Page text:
In 2015 the World Health Organisation published evidence that linked processed meats to 34,000 cases of colorectal cancer worldwide each year – and identified nitrites and nitrosamines as the likely cause.

Two studies published this year have also raised concerns. Glasgow University researchers collated data from 262,195 British women that suggested reducing processed meat consumption could cut a woman’s risk of developing breast cancer. And a Johns Hopkins University School of Medicine in the US study suggested a direct link between nitrites and the onset of mental health problems. Its 10-year analysis of more than 1,000 people found patients taken to hospital with manic episodes were three times more likely to have recently eaten nitrite-cured meat.

The coalition says the meat industry claims nitrites are essential to combat botulism and infection. But Malhotra said Parma ham producers have not used nitrites for 25 years.

Nitrites give cured products such as bacon and ham their attractive pink colour. Some companies are substituting these with natural alternatives. A year ago, Northern Irish company Finnebrogue launched the “first truly nitrite-free bacon”, with fruit and spice extracts. It is stocked by many major supermarkets. Ocado also sells nitrite-free streaky bacon fromNorthamptonshire-based Houghton Hams and a nitrite-free prosciutto from Unearthed.

Source: The Guardian

Study: Age-friendly Home Features Help Seniors Age in Their Own Home

Carolyn Christ wrote . . . . . . . . .

Older adults are less likely to need to change residences if their homes have certain features, including no stairs, a new study found.

“Most older adults do not want to move to a nursing home, and supporting older adults to age in the community has potential to improve quality of life and costs for care,” said lead study author Marianne Granbom of Johns Hopkins University in Baltimore, Maryland, and Lund University in Sweden.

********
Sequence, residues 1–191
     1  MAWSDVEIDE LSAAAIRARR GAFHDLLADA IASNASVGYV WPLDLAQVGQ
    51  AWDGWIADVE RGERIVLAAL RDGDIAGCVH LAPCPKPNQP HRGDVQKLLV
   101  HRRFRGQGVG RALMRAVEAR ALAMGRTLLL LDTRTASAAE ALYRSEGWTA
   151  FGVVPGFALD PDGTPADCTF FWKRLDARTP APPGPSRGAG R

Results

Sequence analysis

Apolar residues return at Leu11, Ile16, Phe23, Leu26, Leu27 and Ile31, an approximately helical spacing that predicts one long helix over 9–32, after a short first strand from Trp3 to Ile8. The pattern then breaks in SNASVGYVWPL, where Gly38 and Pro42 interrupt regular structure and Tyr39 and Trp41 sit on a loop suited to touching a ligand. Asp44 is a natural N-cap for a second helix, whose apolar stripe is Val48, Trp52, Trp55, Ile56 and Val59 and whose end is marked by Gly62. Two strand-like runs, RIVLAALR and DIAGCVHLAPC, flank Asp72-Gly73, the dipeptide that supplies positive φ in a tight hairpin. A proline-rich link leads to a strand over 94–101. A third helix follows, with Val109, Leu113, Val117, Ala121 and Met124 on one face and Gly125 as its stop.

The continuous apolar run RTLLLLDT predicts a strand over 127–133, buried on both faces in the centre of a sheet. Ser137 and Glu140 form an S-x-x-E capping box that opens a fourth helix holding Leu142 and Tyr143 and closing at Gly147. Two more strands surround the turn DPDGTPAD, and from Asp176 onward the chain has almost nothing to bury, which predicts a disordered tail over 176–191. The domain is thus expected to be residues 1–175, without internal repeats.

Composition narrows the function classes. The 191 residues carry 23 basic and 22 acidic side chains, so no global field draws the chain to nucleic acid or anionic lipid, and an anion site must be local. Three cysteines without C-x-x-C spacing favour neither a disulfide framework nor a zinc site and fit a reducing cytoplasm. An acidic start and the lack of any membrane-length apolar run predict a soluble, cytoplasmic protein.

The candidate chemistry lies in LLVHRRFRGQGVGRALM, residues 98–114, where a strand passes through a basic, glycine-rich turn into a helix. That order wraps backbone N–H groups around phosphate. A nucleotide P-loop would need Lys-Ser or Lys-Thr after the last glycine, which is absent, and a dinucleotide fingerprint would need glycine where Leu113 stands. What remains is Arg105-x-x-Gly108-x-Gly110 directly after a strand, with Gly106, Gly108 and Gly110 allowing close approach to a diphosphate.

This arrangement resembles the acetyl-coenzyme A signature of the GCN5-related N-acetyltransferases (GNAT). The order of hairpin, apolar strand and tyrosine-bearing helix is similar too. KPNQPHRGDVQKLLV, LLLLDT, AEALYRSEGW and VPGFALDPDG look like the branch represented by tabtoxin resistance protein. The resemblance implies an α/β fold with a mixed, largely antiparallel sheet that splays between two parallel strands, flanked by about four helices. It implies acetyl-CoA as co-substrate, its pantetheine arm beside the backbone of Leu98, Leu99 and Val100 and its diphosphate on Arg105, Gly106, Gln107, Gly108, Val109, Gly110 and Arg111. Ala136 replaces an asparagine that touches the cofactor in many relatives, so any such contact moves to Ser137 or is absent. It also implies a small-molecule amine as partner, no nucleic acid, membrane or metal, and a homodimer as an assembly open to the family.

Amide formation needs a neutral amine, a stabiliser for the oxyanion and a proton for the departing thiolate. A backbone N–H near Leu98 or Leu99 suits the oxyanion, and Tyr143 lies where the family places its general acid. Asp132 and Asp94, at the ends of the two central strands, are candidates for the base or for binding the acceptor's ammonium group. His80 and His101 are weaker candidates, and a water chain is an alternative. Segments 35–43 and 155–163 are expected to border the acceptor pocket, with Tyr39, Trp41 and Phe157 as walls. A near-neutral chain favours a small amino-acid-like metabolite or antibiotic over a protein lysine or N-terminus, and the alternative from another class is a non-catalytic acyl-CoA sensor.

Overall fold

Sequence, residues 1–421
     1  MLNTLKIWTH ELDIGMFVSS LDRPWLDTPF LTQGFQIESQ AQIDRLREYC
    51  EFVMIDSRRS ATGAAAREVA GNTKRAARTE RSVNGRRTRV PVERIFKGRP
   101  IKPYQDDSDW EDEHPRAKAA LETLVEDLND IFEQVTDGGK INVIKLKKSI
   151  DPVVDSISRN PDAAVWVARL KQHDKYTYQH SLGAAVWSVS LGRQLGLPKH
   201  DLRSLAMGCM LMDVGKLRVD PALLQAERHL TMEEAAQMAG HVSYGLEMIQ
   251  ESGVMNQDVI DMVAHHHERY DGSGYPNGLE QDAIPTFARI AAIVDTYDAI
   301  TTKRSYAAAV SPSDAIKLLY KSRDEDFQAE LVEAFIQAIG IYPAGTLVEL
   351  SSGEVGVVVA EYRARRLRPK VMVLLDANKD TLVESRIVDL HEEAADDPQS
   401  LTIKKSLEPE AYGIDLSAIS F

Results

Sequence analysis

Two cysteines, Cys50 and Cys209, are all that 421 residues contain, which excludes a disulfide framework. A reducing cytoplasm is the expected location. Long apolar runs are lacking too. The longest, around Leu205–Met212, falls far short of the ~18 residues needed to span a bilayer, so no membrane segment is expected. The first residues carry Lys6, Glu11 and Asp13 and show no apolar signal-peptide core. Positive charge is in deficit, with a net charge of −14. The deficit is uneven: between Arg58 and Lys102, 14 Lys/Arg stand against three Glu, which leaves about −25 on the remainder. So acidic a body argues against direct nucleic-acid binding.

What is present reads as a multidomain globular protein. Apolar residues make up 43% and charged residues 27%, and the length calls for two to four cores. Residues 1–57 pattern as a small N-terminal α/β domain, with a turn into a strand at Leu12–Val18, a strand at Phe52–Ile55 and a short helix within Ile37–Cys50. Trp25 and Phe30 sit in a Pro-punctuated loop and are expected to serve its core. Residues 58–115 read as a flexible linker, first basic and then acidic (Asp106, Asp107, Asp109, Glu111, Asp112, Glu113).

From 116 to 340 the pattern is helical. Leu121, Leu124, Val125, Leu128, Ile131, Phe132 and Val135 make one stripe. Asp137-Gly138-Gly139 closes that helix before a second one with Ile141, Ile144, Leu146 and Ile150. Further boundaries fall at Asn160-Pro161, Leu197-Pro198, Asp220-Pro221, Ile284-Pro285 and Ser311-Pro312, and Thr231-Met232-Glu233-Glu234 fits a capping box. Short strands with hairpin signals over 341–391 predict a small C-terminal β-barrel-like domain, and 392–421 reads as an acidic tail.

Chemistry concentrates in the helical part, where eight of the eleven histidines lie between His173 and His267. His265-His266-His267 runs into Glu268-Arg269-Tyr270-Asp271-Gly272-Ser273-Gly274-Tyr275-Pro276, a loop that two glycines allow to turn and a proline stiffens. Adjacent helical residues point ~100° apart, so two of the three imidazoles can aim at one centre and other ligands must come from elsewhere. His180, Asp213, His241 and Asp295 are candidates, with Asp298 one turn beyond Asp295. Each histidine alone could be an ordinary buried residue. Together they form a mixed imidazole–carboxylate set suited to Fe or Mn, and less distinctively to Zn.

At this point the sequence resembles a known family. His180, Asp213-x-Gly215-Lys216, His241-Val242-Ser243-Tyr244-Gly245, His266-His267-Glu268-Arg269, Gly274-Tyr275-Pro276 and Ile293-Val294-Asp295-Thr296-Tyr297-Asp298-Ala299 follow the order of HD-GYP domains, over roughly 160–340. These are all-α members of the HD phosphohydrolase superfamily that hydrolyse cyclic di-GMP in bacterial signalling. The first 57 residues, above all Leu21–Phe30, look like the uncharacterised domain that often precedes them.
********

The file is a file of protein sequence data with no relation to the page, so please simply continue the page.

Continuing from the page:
“But to truly understand how aging in place can be supported, we need to shift focus from merely looking at individual health problems to also include the environments they live in,” she told Reuters Health by email.

Granbom and colleagues analyzed data collected between 2011 and 2105 on 7,197 U.S. adults ages 65 and older. During that period, about eight percent moved within the community and four percent moved to residential care facilities such as nursing homes and assisted living. Overall, those who lived alone, had a lower annual income, and visited the hospital during the past year were more likely to move.

After taking health factors into account, poor indoor accessibility was strongly associated with moving to a new home in the community, but not with moving to a nursing home, the researchers reported in Journals of Gerontology.

Having a one-floor house or having the kitchen, bedroom and bathroom on one floor were the features most strongly associated with aging in place. Dwellings with elevator access, lifts or stair-glides were also helpful. No other home environment factors, such as entrance accessibility or housing conditions, were associated with relocation.

For older adults, moving to more age-friendly home environments could help postpone the need for a nursing home, Granbom said.

The study found that the longer the adults had lived in their current homes, the less likely they were to move at all. Future studies could incorporate the emotional attachment to home to better understand the complexities of relocation decisions, the authors wrote.

Dr. France Legare of Laval University in Quebec, Canada, who wasn’t involved with this study but who has researched housing decisions among older adults, suggests some home-planning ideas to consider.

“During construction, leaving a space for a lift that could be installed later could be helpful, especially in dense cities where dwellings are often two or three stories,” Legare said in a phone interview. “Even if it isn’t built yet, having a potential area for a lift could help people age in place and make housing decisions as they grow older.”

Other features such as improved lighting, a no-step entrance, walk-in showers with grab bars, and railings on both sides of indoor stairs could help, said Jon Pynoos of the University of Southern California is Los Angeles, California, who has researched the future of housing for older adults.

“In a home with two or more stories, stacking closets that could later be replaced with a small elevator might be a good investment,” Pynoos, who wasn’t involved with this study, told Reuters Health by email. “Basically, plan ahead.”

Source: Reuters